"D'ye think ye can bubble me?'" he cried, red in the face.

Lord Ostermore heaved a sigh of relief; the hard look had faded from Hortensia's eyes.

"What is't ye mean, giving me this rubbish?"

"I offer you my excuses for the contents of my pockets," said Mr. Caryll. "Ye see, I did not expect to be honored by your inquisition. Had I but known--"

Mr. Green struck an attitude. "Now attend to me, sir! I am a servant of His Majesty's Government."

"His Majesty's Government cannot be sufficiently congratulated," said Mr. Caryll, the irrepressible.

Mr. Green banged the table. "Are ye rallying me, ecod!"

"You have upset the ink," Mr. Caryll pointed out to him.

"Damn the ink!" swore the spy. "And damn you for a Tom o' Bedlam! I ask you again--what d'ye mean, giving me this rubbish?"

"You asked me to turn out my pockets."

"I asked you for the letter ye have brought Lord Ostermore."

"I am sorry," said Mr. Caryll, and eyed the other sympathetically. "I am sorry to disappoint you. But, then, you assumed too much when you assumed that I had such a letter. I have obliged you to the fullest extent in my power. I do not think you show a becoming gratitude."

Mr. Green eyed him blankly a moment; then exploded. "Ecod, sir! You are cool."

"It is a condition we do not appear to share."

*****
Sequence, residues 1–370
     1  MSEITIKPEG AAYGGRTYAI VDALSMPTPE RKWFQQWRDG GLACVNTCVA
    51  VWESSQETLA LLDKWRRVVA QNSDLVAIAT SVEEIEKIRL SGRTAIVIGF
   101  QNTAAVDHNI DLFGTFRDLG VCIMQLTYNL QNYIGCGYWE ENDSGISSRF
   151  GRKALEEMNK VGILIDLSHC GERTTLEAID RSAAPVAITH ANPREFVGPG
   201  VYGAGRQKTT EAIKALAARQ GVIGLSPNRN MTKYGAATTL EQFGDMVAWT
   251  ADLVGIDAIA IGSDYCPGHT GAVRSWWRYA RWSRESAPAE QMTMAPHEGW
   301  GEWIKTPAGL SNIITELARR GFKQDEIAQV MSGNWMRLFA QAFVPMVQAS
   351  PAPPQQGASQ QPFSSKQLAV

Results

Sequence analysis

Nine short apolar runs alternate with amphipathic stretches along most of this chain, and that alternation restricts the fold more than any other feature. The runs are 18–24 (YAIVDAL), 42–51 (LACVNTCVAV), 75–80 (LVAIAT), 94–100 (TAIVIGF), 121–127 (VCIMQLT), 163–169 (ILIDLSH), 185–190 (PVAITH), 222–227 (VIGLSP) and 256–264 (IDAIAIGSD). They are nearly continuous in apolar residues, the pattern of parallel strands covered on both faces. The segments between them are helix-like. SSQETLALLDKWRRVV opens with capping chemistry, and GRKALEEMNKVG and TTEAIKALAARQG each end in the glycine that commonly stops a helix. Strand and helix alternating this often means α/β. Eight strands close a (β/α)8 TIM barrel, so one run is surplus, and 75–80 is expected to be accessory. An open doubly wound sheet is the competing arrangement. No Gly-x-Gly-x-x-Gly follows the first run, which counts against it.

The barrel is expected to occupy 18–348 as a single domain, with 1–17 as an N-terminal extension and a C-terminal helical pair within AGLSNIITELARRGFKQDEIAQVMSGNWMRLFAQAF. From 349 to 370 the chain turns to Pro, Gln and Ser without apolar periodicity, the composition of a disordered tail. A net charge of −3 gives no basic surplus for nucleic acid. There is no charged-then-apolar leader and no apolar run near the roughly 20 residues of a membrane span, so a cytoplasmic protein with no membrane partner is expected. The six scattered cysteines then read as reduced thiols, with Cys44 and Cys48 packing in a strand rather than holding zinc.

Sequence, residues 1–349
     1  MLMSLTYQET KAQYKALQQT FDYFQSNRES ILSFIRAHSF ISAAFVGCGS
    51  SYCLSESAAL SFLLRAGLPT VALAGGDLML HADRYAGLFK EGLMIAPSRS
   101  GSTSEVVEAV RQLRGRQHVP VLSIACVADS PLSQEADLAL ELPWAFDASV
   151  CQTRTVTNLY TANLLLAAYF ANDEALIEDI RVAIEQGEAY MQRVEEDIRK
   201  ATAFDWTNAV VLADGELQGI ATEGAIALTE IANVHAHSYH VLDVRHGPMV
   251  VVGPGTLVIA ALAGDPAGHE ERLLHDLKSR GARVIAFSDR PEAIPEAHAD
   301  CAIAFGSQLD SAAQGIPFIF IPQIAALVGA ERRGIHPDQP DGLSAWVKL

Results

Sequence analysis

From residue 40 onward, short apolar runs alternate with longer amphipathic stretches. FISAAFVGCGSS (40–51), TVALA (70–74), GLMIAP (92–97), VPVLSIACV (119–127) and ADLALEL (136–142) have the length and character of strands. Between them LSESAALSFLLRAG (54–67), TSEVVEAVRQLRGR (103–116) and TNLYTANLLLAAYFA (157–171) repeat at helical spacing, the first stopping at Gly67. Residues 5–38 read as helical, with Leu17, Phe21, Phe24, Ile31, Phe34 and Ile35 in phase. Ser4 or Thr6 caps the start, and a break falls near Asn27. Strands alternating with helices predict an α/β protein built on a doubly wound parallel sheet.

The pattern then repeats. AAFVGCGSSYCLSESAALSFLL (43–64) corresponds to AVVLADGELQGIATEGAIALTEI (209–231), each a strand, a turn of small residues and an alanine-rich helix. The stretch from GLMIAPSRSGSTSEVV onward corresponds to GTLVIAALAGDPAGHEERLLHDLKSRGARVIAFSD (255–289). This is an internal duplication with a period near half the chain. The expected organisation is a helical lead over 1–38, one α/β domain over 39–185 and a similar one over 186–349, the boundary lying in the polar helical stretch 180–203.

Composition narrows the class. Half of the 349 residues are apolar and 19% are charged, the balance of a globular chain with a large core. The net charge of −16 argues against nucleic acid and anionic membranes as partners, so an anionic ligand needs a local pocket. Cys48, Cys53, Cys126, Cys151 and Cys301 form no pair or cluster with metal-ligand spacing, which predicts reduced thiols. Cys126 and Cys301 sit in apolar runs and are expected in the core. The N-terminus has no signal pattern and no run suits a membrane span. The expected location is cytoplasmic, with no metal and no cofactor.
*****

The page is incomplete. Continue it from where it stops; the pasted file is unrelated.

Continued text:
"D'ye say ye've brought his lordship no letter from France?" thundered the spy. "What else ha' ye come to England for?"

"To study manners, sir," said Mr. Caryll, bowing.

That was the last drop in the cup of Mr. Green's endurance. He waved his men towards the gentleman from France. "Find it," he bade them shortly.

Mr. Caryll drew himself up with a great dignity, and waved the bailiffs back, his white face set, an unpleasant glimmer in his eyes. "A moment!" he cried. "You have no authority to go to such extremes. I make no objection to being searched; but every objection to being soiled, and I'll not have the fingers of these scavengers about my person."

"And you are right, egad!" cried Lord Ostermore, advancing. "Harkee, you dirty spy, this is no way to deal with gentlemen. Be off, now, and take your carrion-crows with you, or I'll have my grooms in with their whips to you."

"To me?" roared Green. "I represent the Secretary of State."